As has been my practice for most of my 60 something years, I attended the Canada Day Parade in Port Dover. Wouldn’t miss it. This year I did something I have never done before. I sat down for the parade. Usually I’m on my feet and moving around taking pictures but I forgot to grab the camera on the way out the door and my friend was sitting so I thought I would join her.
During the two hours of fun I was feeling a little woozy and was very grateful for the occasional cloud but when I went to stand up at the end of the parade my head was spinning, my face felt like it was burning up and I was very confused.
I had a run in with heat stroke about three years ago and recall the information said you could be more susceptible to it after having it once, but it had slipped to the back of my head somewhere so I didn’t realize what was happening until it was too late.
The most alarming part of having heat stroke, for me at least, is that while I was aware I was struggling and probably needed some quick intervention I couldn’t seem to articulate that to anyone around me. I said a couple of times that I needed to leave before we finally did. When we got back to “base camp” I asked for a cold cloth but should probably have been submerged in a cold tub to get my temperature down. I was very confused and couldn’t talk much, but no one noticed.
Off we went to the next destination and the burning feeling was subsiding but I still couldn’t think straight or figure out what to do. I remember a couple of people asking me to sit down but I really couldn’t figure out where to sit. I was with people I didn’t know well and it was strangely overwhelming. I usually manage not too badly with strangers but in the state my brain was in I just couldn’t handle and decision making at all.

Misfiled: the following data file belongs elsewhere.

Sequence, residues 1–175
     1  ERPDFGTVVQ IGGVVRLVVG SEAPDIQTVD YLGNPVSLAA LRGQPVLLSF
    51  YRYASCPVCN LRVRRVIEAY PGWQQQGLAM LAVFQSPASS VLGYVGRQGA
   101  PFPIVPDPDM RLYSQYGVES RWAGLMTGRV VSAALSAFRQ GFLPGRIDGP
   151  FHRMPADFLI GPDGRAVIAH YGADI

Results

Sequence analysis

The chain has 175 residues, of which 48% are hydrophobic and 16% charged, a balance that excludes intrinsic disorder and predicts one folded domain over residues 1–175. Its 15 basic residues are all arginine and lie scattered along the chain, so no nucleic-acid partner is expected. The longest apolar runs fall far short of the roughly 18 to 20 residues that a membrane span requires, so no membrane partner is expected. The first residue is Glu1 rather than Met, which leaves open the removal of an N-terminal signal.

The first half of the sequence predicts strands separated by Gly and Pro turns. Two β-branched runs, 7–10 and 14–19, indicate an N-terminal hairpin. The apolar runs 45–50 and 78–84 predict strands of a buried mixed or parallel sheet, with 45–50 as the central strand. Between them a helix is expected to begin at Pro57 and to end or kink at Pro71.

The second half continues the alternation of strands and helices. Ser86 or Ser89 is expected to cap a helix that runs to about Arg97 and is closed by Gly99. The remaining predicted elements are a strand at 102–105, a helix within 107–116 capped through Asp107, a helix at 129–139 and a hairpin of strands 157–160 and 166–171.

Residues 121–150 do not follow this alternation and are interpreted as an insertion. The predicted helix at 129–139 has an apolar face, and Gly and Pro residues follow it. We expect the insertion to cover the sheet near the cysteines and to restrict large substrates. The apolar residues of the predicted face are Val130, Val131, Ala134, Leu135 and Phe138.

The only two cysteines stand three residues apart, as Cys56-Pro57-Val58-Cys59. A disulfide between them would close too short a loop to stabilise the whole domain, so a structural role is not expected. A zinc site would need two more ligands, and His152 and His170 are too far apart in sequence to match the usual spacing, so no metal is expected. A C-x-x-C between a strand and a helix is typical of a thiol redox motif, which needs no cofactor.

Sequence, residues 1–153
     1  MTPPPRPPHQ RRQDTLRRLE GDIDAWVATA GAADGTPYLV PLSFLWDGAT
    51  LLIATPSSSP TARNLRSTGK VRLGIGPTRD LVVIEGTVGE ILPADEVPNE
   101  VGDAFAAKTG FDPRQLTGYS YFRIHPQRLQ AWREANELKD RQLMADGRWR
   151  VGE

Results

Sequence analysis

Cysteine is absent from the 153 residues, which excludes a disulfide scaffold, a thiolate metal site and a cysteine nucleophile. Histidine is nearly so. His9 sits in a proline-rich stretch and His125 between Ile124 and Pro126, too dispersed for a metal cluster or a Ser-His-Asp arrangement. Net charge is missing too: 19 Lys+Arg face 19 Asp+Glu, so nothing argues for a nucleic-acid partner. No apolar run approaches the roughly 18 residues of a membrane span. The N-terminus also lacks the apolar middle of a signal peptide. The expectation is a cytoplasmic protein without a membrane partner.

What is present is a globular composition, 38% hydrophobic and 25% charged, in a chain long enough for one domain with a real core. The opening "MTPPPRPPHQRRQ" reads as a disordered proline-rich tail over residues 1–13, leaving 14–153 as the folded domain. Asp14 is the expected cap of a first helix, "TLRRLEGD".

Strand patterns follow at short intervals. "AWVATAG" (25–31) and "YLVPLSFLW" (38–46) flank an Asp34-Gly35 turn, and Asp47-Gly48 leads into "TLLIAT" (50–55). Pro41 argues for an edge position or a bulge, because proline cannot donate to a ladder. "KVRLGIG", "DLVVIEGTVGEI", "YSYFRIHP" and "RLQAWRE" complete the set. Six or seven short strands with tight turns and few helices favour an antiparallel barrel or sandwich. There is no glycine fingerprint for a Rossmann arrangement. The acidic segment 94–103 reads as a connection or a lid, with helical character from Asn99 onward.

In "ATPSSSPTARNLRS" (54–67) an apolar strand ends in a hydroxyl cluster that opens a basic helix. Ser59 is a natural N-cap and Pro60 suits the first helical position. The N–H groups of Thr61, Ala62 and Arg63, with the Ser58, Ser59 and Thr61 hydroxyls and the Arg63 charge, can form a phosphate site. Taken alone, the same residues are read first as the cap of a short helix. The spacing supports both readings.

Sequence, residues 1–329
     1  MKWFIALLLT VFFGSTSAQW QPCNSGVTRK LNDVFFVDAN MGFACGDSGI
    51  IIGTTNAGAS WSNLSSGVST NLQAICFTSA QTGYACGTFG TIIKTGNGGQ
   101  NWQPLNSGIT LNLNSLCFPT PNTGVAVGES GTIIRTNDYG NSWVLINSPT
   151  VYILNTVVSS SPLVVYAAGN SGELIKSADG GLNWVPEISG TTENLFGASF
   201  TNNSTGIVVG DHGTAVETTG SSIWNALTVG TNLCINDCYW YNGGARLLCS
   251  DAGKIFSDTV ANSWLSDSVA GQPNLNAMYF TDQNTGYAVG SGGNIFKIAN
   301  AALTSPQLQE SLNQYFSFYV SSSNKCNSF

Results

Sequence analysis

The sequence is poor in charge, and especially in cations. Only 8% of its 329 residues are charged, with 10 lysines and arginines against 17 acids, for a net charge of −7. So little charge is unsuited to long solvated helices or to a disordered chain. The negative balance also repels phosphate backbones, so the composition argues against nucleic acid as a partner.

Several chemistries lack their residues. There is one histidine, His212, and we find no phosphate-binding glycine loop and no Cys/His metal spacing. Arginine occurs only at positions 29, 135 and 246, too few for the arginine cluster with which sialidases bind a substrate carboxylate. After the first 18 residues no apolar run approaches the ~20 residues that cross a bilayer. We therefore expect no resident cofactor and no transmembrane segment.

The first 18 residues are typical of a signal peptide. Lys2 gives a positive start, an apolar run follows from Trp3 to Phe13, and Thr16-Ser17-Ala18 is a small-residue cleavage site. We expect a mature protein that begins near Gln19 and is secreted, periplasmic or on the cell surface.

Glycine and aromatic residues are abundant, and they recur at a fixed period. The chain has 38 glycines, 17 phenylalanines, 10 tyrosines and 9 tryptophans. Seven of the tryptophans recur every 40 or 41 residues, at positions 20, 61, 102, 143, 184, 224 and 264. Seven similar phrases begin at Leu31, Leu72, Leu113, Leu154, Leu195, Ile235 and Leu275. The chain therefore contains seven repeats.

Finally had the sense to insist that my driver bring me home. It took him a while to get around to it but I finally landed in the bed. I don’t believe I slept but rather passed out. I was exactly where I landed at 7:30 pm when I woke up at 9 am. I hadn’t even made it under the covers. Good thing I’m not a big drinker or someone might have thought I was drunk.
Since confusion is one of the symptoms it is easy to miss. People don’t really pay much attention to what is happening to other people unless there is some dramatic evidence they need help. If I had fallen someone might have noticed. The first time I had it I was working in the garden and had the darnedest time figuring out that I should get out of the sun and head for some help and cold water.
It seems those of us who are over 50 and athletes are most prone to heat stroke. There are some simple steps to take but if it affects others like it affected me it is the people around the person who need to be most aware. Please be aware of heat stroke/sun stroke symptoms and don’t waste any time taking action. It can lead to death.